Make practicing cool and fun by incorporating technology. It seems every kid these days has a smartphone, tablet, or computer, and most have all three! There are a variety of apps and websites that offer music theory flashcards, ear training games, or you can use something like Sight Reading Factory to encourage students to work on rhythms, sight reading, or ear training.
YouTube can be used to encourage students to listen to great performers on their instrument or you can have your student learn their favorite song by ear by listening to it online. Students can use this listening list to get started and keeping a listening journal will help encourage them to develop a good tonal concept.
Be their cheerleader
Students are constantly seeking validation so be their biggest cheerleader, but be sure to praise their effort not their talent.
If a student has been struggling with a particular rhythm or passage and they finally get it, celebrate! It may only be a measure of music but to the student they finally conquered Mount Everest! Celebrate ALL of their accomplishments!
Giving praise for their effort will motivate students to practice and encourage them to continue to work hard.
It is sometimes difficult to know what a student’s practice set up at home looks like, but if you travel to their home or teach them online, you get a glimpse into their practice area. Does your student have a music stand? Is the family pet in the room? Does a younger sibling constantly interrupt or does a helicopter parent hover over them? Is there a window nearby for the student to look out?
Working with both the student and the parent on having the proper set up and eliminating unnecessary distractions will result in the student accomplishing more in each practice session, giving them faster results and therefore encouraging them to practice more often.
Change up how they practice
As human beings, most of us love routine, and any small change in our routine makes us feel uncomfortable. Some students however find a regular practice routine boring. Boredom results in practice being something the student is required to do rather than something they WANT to do.
Have them record themselves and then “be the teacher” by judging the performance and marking up a copy of their music with a red pen. Students can be brutal if given this role and will soon strive to make their own red markings go away.
Something as simple as switching up the order in which they practice their music can make all the difference in the world. Who says you have to practice your scales before your solo anyway? If they have an electric keyboard with programmable features, have them use a drumbeat in lieu of a metronome. Simple changes can make practice fun again.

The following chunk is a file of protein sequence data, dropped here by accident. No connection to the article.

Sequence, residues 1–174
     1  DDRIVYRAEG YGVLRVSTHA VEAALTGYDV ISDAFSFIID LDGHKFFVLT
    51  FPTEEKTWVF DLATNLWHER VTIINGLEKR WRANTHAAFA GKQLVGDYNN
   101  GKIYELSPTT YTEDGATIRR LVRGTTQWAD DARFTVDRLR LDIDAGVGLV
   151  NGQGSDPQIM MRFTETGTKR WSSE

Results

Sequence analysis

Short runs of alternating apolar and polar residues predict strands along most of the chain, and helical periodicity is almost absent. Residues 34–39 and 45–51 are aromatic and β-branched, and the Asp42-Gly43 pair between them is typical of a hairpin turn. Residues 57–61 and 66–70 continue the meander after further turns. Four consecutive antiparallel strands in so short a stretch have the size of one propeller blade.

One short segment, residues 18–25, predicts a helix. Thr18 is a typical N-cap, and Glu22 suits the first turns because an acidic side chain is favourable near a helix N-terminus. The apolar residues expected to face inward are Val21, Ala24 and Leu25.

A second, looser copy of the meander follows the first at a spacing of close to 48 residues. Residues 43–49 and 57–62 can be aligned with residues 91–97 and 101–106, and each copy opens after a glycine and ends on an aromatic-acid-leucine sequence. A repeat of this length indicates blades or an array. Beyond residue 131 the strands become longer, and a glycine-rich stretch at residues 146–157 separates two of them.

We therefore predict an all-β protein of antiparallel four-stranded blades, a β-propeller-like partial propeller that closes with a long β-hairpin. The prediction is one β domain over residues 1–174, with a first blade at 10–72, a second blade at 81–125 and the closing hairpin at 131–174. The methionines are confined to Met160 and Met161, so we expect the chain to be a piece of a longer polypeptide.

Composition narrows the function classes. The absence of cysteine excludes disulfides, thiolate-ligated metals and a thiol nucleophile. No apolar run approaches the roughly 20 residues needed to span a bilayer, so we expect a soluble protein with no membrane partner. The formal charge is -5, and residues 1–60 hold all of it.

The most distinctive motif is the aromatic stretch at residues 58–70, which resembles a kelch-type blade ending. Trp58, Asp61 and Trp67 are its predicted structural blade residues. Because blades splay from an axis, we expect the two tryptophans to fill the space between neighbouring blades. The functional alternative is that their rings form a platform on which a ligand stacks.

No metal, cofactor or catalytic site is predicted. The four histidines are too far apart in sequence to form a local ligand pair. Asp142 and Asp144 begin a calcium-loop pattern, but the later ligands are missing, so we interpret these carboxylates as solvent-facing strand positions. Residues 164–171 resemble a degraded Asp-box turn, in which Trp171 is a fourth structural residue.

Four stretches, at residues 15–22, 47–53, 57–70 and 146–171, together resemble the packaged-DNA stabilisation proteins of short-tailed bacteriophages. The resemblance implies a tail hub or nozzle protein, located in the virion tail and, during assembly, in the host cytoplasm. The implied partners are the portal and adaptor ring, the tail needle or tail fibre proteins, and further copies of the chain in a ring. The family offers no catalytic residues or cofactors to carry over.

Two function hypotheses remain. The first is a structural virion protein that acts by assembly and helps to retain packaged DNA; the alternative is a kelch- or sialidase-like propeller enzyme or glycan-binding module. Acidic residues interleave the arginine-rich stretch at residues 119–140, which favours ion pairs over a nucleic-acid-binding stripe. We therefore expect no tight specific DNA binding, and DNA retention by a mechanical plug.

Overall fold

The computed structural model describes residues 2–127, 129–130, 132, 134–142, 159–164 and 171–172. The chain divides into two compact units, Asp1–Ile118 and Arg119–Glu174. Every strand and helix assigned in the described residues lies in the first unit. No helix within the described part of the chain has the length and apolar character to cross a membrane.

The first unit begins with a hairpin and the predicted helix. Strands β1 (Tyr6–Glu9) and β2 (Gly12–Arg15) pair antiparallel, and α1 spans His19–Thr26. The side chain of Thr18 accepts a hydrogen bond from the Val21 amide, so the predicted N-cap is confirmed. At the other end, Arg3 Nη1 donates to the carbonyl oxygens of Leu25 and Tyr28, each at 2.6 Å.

Nothing can motivate a student like a little healthy competition. If you have a home studio, creating a scale challenge and using an incentive chart to allow your students to “compete” with each other can be a great motivator? Afterall, who doesn’t like getting stars next to their name.
You could also host a social media challenge. Something like post a photo of you practicing in the weirdest location you can find and post it to instagram. (Don’t forget to have them tag your studio page.)
Give students a scavenger hunt where they have to find certain musical selections on youtube, photos of their instruments on the internet, or an interesting fact about a performer or composer. All of these exercises will peak the students interest and break up their boredom.
Let them play music they like
Classical music is great but there are hundreds of different genres out there to be enjoyed. Mix up lessons from time to time by assigning a piece of popular music. Doing so keeps the student motivated and interested in practicing. Ask the student who their favorite band or singer is and then either find music for them to learn or have them learn a piece by ear.
Music stores often have books such as Disney classics, Star Wars, or music from Harry Potter. A lot of teachers brush these off as something for the students to work on in their own time but if you sit down and really look at them, these books often have rather difficult rhythms. Students will jump at the chance to play a song they know from time to time.
Lead by example
Students imitate what they see. If you have the opportunity, let the student hear you practicing when you walk into the room of post photos of yourself practicing on your social media. Students often want to be just like their teacher so setting a practice example for them will encourage them to follow in your footsteps.
Keep this in mind when you demonstrate anything in lessons. Make sure you are demonstrating good posture and proper hand position at all times and the student will quickly follow suit.
Get the parents on your side
When discussing practice with parents, emphasize the benefits of long term playing. Research shows that playing an instrument on a regular basis can increase IQ by up to seven points in both children and adults.
Studies also show that students who study music score an average of 20% higher on standardized tests.
Higher test scores will open the doors for students to get into the best colleges and universities and will often get them more scholarship money.
Participating in competitions and honor bands, orchestras and choirs makes a students college application appear more rounded, demonstrating that the student has good time management skills and consistently goes above and beyond what is required of them, and playing an instrument can also allow the student to audition to get additional scholarship for participating in the university music program.
Remember, every child is different
Always keep in mind that each student is different. What motivates one child may cause another to give pushback. Have patience and try a variety of motivation tactics until you find something that clicks with each individual student. Once a student finds practicing to be something they actually enjoy, their progress will be unstoppable!